The fellow church member and I arrived while Mr. M. was still in his physical therapy, so the two of us stood outside of his room while waiting for him to return. We talked and got to know one another, as we hadn’t had the opportunity to do so in the past.

As we were talking we heard – in the distance – a jubilant voice greeting what sounded like friends. That jubilant voice was Mr. M. He was in the process of telling his friends he was happy to see them, but he had to first visit with the “two gentlemen who came from church.” 

As he made his way from down the hall to his room, he invited us in and introduced himself and his wife. It is minimizing the character of these two people to say they were beautiful. 

We administered the Sacrament by both praying over and passing the bread and water representing the sacrifice Jesus the Christ made for each of us and also the renewal of the commitment we have made to him through baptism. As we did so, I had an overwhelming feeling about the man and woman I was honored to share this moment with.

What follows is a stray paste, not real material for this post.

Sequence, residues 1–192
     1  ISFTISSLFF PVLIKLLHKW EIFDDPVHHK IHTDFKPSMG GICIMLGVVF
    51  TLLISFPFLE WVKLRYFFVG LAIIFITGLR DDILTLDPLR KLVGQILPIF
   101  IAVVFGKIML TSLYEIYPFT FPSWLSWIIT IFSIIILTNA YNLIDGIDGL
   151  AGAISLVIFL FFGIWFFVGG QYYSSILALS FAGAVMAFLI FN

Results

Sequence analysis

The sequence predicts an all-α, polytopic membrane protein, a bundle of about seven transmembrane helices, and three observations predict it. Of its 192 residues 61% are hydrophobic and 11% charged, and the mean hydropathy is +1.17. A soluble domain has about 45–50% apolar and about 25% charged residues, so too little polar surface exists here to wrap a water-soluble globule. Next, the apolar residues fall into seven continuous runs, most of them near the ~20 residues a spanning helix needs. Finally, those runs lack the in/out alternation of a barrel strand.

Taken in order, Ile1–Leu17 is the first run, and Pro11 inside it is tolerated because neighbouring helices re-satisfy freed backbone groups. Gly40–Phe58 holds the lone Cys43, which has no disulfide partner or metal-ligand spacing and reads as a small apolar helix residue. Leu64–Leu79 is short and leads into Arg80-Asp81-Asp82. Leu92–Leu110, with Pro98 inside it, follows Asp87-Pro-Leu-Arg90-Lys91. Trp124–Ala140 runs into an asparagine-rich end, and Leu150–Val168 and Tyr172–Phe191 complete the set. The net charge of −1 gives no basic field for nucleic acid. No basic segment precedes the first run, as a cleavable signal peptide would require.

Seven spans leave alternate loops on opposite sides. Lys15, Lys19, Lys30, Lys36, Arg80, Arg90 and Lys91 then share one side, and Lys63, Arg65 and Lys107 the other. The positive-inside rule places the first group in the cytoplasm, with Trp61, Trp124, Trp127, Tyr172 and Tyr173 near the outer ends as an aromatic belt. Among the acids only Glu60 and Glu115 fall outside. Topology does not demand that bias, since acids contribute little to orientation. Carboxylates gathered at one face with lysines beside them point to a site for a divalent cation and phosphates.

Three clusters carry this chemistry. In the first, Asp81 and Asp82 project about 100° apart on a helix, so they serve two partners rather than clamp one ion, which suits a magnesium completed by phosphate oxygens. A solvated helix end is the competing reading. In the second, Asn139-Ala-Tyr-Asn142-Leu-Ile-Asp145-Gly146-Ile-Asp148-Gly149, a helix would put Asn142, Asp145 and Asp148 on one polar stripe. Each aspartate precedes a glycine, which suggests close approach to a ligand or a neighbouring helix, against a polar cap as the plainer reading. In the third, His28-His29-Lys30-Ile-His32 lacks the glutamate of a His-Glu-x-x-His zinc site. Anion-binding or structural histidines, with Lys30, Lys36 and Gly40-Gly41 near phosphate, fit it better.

Here is a man who in a sudden and violent change of events lost his leg. His life has been forever altered in ways most anybody will never understand. Yet, his soul could not be hid; it was a shining city on a hill… a candle that couldn’t be hid. 

As he thanked us for taking time out of our Sunday afternoon to visit him and his wife, I felt an overwhelming burden to share my heart with him. 

To paraphrase my words: “Sir, I know we have never met and may never meet again, but being here with you has been humbling. You have experienced this extremely unfortunate event and life-altering experience; but you remain positive, of good cheer, and a beautiful example of someone who doesn’t let something like this take his heart away from goodness. You are an inspiration to me.” 

As I turned from him I saw his wife with tears in her eyes. Placing my eyes back on him, I listened to him tell me of how his family, friends, and our Heavenly Father have allowed him to remain positive. 

As we left I thought about just hours before, in church, somebody reiterated the quote, “Preach the Gospel wherever you may go. When necessary, use words.” Today, Mr. M. preached the Gospel to me, and words weren’t necessary.